Bogle: Short-Term Investors Better Expect 'Unpleasantness'
Investors looking for quick gains are also looking for trouble even though markets will trend upward over the long term, Vanguard founder Jack Bogle told CNBC on Monday.
"I don't worry a lot about the year," the senior chairman of The Vanguard Group said on "Squawk on the Street."
"I try to look out a decade. If you're only in for a day or a week or a month, you're in for a lot of unpleasantness."
Bogle, who is known for his long-term investment strategy and bullish perspective on U.S. markets, said he sees earnings growth around 5 percent per year over the next decade alongside a 4-5 percent increase in nominal U.S. GDP.
With this expectation, Bogle expects an average of 7 percent returns in stocks per year over the next decade, but warned of at least a few "25-30 percent drops along the way, and maybe a 50 percent drop in the coming decade."
"The market is going to do what it wants," he said, "So you've just got to keep a stiff upper lip. I think the best strategy is to just do your best to avoid reacting, and it's hard to do. I have a hard time doing it myself."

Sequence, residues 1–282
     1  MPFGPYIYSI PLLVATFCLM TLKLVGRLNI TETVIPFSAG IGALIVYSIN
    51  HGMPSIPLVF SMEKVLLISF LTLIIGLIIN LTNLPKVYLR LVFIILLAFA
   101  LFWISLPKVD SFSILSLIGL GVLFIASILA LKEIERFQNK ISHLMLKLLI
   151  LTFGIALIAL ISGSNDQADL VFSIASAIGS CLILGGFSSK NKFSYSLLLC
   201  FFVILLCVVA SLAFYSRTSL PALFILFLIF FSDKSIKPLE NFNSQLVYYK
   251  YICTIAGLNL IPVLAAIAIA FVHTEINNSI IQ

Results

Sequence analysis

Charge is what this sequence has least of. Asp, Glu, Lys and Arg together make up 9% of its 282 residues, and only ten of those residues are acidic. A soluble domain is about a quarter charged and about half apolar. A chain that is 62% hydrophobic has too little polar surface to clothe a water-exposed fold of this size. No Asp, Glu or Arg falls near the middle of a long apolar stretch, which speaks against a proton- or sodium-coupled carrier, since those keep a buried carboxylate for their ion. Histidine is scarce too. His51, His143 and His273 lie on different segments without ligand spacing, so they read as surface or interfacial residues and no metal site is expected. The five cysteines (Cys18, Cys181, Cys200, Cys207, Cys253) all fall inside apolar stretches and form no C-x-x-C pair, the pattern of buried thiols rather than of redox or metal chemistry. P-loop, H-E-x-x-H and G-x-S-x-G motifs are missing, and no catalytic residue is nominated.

Bogle pointed out that flows have been in favor of indexed funds versus actively managed funds over the last several years. "There is a lot of dissatisfaction with active management, and there should be," he said. "To the extent that we can take all of the 'phonyism' out of this and just get back to running sound, long-term, low cost, tax-efficient mutual funds—indexed or otherwise—that's the direction we should be going and it seems to be the direction we are going."
When asked about whether central banks pose risks to his bullish expectations, Bogle said that "if you're not concerned about it, you're not paying attention. We have an enormous fiscal problem around the world."
Compared to other central banks, Bogle said the Federal Reserve and Chairman Ben Bernanke have been "one of the best, if not the best" in the world with regard to their stimulation of the economy, compared to the austerity programs in Europe that are simply not working.
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